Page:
The news media has, rightly, been focused on health care reform over the last few weeks. Lost in the buzz over HCR is a significant development concerning the privatization of government operations. Or, more rightly, an end to a privatization scheme that has cost the taxpayer 100’s of billions of dollars over the last 4 decades.
A major reform of the student loan program was slipped through the House with very little fanfare and far less controversy than would have happened if not for the cover of HCR. The changes effectively end private-lender involvement in the student loan program. Lobbyist for the lenders had worked furiously to block the reforms, but now have little hope since the loan program changes were included in the budget reconciliation bill that contains the “fixes” to the Senate health care bill.
The battle over reform of the student loan program began last April when President Barack Obama called for repeal called for an end to the Federal Family Education Loan Program (FFEL) program. The president said the program was, “taxpayers…paying banks a premium to act as middlemen — a premium that costs the American people billions of dollars each year….a premium we cannot afford.”
The FFEL program is essentially a corporate welfare system. Private lenders receive subsidies to originate loans that are guaranteed by the federal government. The private lenders take on no risk, yet profit significantly on these loans.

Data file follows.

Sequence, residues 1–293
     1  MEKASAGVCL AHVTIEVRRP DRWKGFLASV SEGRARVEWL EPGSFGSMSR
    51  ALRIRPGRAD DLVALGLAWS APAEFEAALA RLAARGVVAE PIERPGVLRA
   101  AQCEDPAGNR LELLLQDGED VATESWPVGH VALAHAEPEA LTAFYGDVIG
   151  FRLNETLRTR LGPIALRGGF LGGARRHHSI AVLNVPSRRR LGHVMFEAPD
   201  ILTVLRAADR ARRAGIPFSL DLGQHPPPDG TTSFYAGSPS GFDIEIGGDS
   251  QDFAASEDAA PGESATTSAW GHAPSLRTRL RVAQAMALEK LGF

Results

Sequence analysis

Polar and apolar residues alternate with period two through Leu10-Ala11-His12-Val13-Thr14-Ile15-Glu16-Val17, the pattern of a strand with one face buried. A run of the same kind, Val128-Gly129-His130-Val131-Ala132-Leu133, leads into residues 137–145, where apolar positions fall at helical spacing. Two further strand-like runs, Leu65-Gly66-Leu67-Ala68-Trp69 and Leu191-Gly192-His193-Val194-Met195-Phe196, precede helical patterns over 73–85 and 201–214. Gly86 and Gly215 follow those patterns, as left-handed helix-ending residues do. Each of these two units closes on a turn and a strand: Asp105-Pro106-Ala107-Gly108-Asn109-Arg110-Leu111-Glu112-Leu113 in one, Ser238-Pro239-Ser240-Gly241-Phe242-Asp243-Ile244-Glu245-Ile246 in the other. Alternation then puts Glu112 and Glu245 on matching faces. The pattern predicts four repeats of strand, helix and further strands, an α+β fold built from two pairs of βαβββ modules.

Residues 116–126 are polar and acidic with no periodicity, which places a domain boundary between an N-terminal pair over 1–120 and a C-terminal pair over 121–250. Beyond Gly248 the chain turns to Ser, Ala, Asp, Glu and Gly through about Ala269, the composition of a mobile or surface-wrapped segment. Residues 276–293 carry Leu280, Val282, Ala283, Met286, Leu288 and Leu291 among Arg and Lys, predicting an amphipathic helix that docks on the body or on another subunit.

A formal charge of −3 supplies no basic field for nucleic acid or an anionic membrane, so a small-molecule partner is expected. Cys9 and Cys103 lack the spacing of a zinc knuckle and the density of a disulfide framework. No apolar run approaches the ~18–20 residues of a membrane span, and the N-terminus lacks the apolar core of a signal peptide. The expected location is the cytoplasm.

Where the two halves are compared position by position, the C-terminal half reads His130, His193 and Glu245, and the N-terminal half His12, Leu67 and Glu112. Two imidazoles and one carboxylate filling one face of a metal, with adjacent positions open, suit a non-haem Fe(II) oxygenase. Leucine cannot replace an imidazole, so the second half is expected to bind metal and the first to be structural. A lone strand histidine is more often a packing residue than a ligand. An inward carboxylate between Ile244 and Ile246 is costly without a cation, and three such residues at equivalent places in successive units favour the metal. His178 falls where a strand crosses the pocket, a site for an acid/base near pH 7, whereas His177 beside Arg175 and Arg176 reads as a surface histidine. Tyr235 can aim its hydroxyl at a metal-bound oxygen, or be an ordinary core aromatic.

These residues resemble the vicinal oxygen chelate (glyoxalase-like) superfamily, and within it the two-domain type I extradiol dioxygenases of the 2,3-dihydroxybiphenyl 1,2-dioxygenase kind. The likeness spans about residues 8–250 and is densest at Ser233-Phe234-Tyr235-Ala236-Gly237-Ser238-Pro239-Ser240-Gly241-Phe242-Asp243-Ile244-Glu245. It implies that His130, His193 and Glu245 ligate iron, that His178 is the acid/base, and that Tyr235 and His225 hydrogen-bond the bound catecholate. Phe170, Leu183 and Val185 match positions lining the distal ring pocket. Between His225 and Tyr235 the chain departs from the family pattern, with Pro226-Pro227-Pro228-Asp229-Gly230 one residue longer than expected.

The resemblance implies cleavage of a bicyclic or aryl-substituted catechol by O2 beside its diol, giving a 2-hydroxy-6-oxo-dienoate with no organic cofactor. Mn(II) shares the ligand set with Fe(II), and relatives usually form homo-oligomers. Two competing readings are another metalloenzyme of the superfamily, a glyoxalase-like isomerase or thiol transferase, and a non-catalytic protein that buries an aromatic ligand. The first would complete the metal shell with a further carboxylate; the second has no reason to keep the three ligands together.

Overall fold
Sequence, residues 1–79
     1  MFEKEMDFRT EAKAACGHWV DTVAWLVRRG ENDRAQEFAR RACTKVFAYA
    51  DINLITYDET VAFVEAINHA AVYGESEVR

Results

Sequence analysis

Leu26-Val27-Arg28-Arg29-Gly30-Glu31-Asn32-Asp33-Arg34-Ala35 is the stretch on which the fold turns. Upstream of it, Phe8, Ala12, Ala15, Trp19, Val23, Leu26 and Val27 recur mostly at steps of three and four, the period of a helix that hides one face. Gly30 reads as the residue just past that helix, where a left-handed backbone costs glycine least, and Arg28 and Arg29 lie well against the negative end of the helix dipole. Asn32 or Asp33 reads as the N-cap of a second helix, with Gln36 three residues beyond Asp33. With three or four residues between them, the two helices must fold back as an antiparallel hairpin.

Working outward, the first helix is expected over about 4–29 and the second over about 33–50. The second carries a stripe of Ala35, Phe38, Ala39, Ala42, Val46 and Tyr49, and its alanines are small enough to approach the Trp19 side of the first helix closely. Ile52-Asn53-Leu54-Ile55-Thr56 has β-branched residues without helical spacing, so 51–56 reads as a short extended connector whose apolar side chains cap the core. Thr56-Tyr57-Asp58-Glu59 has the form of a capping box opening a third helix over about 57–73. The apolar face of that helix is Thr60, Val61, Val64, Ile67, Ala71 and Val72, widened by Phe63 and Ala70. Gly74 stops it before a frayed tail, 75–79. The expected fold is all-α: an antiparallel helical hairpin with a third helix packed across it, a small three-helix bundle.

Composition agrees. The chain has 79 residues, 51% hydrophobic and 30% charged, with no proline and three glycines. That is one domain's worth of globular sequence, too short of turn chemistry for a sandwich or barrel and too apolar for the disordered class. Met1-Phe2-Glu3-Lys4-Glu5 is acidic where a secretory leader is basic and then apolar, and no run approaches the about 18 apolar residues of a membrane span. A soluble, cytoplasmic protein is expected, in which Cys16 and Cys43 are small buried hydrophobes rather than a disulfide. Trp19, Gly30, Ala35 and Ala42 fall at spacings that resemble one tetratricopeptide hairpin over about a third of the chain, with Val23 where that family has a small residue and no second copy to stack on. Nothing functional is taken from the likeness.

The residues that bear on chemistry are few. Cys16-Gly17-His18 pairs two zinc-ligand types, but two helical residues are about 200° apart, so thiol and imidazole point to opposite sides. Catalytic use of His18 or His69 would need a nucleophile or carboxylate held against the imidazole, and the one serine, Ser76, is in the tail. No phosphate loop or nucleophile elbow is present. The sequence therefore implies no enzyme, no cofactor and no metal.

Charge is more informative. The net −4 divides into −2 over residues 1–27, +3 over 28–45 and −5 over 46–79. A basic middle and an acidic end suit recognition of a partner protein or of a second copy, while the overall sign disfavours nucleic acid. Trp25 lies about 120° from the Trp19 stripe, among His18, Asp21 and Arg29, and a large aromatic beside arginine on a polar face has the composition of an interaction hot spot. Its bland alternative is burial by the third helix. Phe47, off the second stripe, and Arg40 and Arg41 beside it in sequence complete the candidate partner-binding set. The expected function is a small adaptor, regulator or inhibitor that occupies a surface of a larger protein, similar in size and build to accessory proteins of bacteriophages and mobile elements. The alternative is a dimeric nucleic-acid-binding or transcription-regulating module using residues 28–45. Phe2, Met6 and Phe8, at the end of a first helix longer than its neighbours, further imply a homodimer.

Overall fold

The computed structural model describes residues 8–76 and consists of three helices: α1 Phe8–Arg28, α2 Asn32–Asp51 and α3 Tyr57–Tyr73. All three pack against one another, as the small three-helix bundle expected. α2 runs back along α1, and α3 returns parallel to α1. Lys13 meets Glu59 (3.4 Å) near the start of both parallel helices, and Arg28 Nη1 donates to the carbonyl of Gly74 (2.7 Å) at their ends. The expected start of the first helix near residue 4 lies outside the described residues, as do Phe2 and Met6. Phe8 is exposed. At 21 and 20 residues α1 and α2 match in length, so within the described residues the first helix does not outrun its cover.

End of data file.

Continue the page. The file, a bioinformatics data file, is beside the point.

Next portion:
The president proposed replacing the FFEL program with a direct-lending program where the students will borrow the money directly from the government, thus cutting out the middle-men. As might be expected, the private lenders fought any attempt to eliminate this profitable portion of their operations.
The new direct lending program will be administered through higher education institutions, effectively ending all subsidies to private industry. According to the CBO, the savings from these reforms are expected to amount to $67 billion dollars over the next 10 years.
The major part of the projected savings will fund a long overdue expansion in Pell grants. Beginning in 2013, Pell grants will get an annual increase tied to the rate of inflation. Total costs are projected to be $36 billion.
In addition to the money going to Pell grants, there will be $2 billion over 4 years to help 2-year community colleges. Another $255 million a year will go to historically black colleges and universities. The College Access Challenge Grant program will receive $750 million over 5 years. The CACG program funds efforts by states and other government entities to prepare low-income students for success in higher education. $1.5 billion will be used to lower the cap on loan repayments from 15% to 10% of discretionary income. The remainder of the savings will go towards paying down the Federal deficit.
Overall, this is a huge win for the President’s education agenda. Not only does it end a drain on the Federal budget, it also funnels much needed funding to students. This is a win-win for taxpayers. Here’s hoping this is only the first of many success for the President on education reform.